I try to describe a 3D swipe gesture (only vertical or horizontal, no diagonals) over a certain flat surface, using conventional geometry or similar techniques without machine learning (hidden Markov model, artificial neural networks, etc. are therefore excluded) possible. From several observations of the data retrieved from the device, I concluded that a stroke can be described "slightly" as a curve (or in some cases as a really straight line). With this question, I would like to know how a curve and a curve movement can be described in simple geometric terms in the most efficient (mostly speed, but also memoryrelated) way.
The article is divided into two parts – one that contains information about the data used and one that gives an overview of what I have come up with so far. Apologize in advance for my poor painting skills. : D
The 3D position data
The device I use transmits 3D points, each representing the position of the hand at a specific point in time. I can record and evaluate them. The following image shows the graphical representation of the data from two different perspectives – from top to bottom and isometric (more or less):
 XY plane view (also known on the left as Top down view) – Only the values along the X and Y axes are taken into account for each sample. This view represents the surface of the device over which the movement of the hand is recorded
 XYZ view (right also known as isometric view) – All three axes are taken into account for each sample. This view represents the complete 3D movement in a volume above the device surface, which defines the area in which gestures can be recognized
In the next picture I added the hand movement recognized by the device:
The actual movement looks something like this:
Based on the observation of the actual and the movement detected by the device, I can mark almost half of the samples that the device gave me as invalid, namely all limit values (a position along each axis can be between 0 and 65534) that this does not describe the actual movement of the hand from the point of view of the user of the device (in the image below, invalid data is shown as the part of the trajectory that is covered by a polygon):
Of course, sometimes the "valid" part of the trajectory is rather small compared to the invalid data:
The algorithm described below does not matter how big the valid data is, as long as there are at least 2 samples that meet the requirement that they are not limit positions, ie X and Y differ from 0 and 65534. This results in a problem I'll go into more detail in the next part of this post.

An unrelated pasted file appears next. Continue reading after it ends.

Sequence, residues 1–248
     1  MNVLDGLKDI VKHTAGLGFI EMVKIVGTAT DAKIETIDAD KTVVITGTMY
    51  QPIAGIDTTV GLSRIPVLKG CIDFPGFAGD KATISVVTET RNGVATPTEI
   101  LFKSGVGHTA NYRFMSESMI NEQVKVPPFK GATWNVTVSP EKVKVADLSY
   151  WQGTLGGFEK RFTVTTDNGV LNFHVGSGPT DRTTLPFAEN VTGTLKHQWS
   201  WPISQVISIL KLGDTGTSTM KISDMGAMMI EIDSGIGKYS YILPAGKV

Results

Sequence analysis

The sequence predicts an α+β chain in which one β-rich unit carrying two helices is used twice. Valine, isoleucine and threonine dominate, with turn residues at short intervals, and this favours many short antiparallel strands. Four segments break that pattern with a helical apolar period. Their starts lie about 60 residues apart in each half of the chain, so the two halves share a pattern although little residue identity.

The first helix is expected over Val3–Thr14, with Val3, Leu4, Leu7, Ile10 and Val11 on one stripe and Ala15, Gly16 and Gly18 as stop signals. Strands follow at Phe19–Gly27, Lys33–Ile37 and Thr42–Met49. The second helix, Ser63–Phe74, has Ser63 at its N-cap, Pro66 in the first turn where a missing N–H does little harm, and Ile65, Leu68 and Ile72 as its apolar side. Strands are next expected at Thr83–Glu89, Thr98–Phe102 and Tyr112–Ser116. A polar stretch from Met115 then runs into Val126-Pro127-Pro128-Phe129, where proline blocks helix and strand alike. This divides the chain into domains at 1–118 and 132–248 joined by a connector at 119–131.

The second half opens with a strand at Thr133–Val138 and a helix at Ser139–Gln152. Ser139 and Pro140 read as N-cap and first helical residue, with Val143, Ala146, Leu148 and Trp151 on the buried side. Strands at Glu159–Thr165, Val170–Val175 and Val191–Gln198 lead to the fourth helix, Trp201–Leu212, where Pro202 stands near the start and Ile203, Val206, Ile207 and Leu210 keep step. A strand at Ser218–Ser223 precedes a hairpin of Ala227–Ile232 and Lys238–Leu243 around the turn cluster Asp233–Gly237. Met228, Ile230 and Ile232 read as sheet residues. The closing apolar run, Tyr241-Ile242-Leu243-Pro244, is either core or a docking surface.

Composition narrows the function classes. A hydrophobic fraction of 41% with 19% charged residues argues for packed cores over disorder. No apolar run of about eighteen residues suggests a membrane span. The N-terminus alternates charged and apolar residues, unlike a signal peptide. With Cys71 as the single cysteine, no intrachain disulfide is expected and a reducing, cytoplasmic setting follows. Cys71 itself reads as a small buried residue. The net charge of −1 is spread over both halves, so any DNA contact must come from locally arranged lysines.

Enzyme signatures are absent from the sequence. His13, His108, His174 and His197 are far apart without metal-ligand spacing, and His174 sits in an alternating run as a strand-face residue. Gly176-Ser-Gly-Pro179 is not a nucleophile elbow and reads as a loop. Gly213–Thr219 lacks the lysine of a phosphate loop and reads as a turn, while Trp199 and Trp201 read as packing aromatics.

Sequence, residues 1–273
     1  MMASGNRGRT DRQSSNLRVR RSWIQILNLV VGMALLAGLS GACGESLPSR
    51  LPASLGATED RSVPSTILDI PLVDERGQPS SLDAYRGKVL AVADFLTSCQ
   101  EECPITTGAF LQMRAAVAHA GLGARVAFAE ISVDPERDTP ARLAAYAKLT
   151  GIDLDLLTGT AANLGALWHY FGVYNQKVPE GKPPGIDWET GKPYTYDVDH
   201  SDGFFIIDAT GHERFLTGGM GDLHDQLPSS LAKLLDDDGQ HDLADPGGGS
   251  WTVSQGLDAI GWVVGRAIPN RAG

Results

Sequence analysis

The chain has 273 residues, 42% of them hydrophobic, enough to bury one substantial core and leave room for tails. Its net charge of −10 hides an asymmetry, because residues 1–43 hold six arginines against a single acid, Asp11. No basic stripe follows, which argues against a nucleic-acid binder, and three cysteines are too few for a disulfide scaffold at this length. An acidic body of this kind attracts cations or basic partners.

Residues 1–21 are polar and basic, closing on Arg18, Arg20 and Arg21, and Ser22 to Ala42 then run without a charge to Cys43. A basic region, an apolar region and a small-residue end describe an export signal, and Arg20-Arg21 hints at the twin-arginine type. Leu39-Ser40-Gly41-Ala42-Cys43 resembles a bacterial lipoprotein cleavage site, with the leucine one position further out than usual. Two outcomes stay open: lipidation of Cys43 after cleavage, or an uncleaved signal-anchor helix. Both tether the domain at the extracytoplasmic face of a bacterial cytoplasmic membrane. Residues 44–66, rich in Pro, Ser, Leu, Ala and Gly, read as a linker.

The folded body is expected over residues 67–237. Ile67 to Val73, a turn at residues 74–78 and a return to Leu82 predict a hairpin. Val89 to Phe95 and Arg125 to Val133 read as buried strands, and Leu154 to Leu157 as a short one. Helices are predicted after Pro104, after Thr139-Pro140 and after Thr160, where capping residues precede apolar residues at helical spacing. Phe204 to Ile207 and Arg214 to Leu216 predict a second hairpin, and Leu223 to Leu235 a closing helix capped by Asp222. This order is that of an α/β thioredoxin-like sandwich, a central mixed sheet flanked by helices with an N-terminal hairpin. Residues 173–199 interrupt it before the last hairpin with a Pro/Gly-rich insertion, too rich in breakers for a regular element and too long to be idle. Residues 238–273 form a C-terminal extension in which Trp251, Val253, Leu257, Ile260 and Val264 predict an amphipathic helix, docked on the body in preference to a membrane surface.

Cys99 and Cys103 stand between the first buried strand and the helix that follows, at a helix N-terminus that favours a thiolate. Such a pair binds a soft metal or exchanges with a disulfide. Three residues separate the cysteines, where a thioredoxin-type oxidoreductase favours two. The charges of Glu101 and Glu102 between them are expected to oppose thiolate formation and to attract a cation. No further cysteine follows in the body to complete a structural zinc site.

Describe the movement
I thought about it and came up with the following:

Extract only the set of valid samples that exclude all with an edge position

For each sample, generate a local XY coordinate system that is aligned with the XY coordinate system of the device surface (for simplification :)):

Next, I consider calculating the vector between the current and the next sample (if any) and calculating the angle between this vector and the X axis (this can also be done with the Y axis):

Based on the size of each angle, I can determine whether the movement between the current and the next sample tends more towards the horizontal or vertical and also in which direction.
This should enable me to determine the general direction of the wiping movement as well as the position above the surface. I swiped a lot: D, but since I want to describe this more formally, of course I have to describe my results, so I have to find a way to describe and classify a curve based on its properties. Maybe calculate the curvature of the entire trajectory?
There are, of course, some problems with this algorithm that came to my mind:
I searched online before thinking about creating the algorithm described above, but couldn't find anything. Even the topic of curve classification doesn't seem to be that popular, or the search terms I use are too extensive / restrictive. The classification here is not that important (as opposed to the following ones), but it would still be nice to divide the resulting curves into sets, each representing a swipe gesture.
The next thing I thought about is curve fitting. I've read articles about it, but apart from a few assignments at my university during the math course, I was only concerned about Bezier curves. Can someone tell me if curve fitting is a plausible solution for my case? There it is curve fitting One might rightly assume that we need an initial curve against which we want to adapt. This would require the detection of wiping motions and then the extraction of a possible optimal curve which is something like an "average" of all curves for a given wiping. I can use the first algorithm I described above to get a compact description of a curve, and then save and analyze multiple curves for a given beat to get the "perfect" curve. How do you proceed with curve classification?